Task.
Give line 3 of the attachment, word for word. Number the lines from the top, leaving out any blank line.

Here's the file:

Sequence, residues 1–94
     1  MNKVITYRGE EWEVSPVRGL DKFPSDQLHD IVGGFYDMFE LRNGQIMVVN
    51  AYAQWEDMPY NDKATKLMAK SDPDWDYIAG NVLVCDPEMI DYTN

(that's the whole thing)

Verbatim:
    51  AYAQWEDMPY NDKATKLMAK SDPDWDYIAG NVLVCDPEMI DYTN